Markus Junianto Sihaloho
A special committee of the House of Representatives said they would prefer to justify Indonesia’s bill on mass organizations according to the 1945 Constitution of the Republic of Indonesia, rather than to Western liberal opinions.
“As for me, it is the right of a state to manage freedom, because freedom without control surely disturbs and threatens other persons or groups,” said Abdul Malik Haramain, head of the special committee deliberating the bill, on Friday. “That is factual in our country.”
He said that since the beginning, the bill was not aimed at curtailing freedom, but it was an effort to control freedom as stipulated in the Constitution of Indonesia.
A group of United Nations independent experts warned on Thursday that the bill threatened to curtail rights to freedom of association, expression and religion. The group called on the House of Representatives on Thursday to amend the bill to keep it in line with international human rights norms.
Abdul, who is a lawmaker from the National Awakening Party (PKB) dismissed the UN’s opinion.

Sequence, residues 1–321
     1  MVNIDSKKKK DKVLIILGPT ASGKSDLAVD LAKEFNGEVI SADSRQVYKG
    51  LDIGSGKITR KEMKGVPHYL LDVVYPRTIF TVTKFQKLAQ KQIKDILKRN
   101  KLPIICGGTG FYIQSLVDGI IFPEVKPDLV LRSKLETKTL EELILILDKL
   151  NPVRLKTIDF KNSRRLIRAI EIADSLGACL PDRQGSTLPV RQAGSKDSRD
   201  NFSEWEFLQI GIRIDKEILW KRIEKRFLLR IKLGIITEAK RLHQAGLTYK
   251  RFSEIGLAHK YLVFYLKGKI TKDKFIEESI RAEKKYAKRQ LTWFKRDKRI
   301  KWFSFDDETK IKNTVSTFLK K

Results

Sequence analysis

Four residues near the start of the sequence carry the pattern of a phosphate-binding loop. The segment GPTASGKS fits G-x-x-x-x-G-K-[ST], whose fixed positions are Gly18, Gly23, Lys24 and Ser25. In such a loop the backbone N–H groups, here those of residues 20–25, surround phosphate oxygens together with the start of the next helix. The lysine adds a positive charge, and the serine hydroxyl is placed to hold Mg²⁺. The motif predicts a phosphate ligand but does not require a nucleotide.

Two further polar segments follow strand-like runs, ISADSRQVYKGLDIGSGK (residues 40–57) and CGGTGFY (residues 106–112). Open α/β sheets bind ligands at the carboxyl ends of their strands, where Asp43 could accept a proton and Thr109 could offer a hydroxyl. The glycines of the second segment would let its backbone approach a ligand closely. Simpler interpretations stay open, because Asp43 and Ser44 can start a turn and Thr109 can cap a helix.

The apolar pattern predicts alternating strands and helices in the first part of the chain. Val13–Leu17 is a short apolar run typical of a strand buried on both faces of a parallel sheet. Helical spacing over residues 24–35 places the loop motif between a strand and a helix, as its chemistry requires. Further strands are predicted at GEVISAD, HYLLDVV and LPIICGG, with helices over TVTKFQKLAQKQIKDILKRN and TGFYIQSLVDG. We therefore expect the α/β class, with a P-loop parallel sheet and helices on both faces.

“None of the [bill's] articles curtail or hamper people from establishing an organization, starting from the conditions to establish mass organizations up to registration procedures and its status, even though many proposals from regions restrict it,” he said.
According to Abdul, mass organizations would still have the freedom to perform their activities, to manage their organizations and to create their own regulations.
He said that the committee would hold on to the principle of responsible freedom, but not the kind of freedom that threatened other groups or even the state.
“The state is not only obliged to respect freedom to assemble and to associate of its citizens, but the state is obliged, once more, to control the freedom,” he said.
The bill on mass organizations states that associations may not contradict Pancasila, the official state philosophy that concentrates the belief “in the One and Only God.” It stipulates that organizations must maintain religious values.
Associations are not only restricted to limited categories of activities by the bill, but also subjected to vague prohibitions, including bans on conducting activities that “endanger the unity and safety of the Unitary Republic of Indonesia” and “embracing, instigating and propagating beliefs and religions conflicting with Pancasila.”
The bill also significantly curtails the activities of foreign associations, which must obtain a permit from the Foreign Ministry to operate and are mandated not to disrupt the “stability and oneness” of Indonesia, carry out “practical political activities” or fund-raising or activities “which disrupt diplomatic ties.”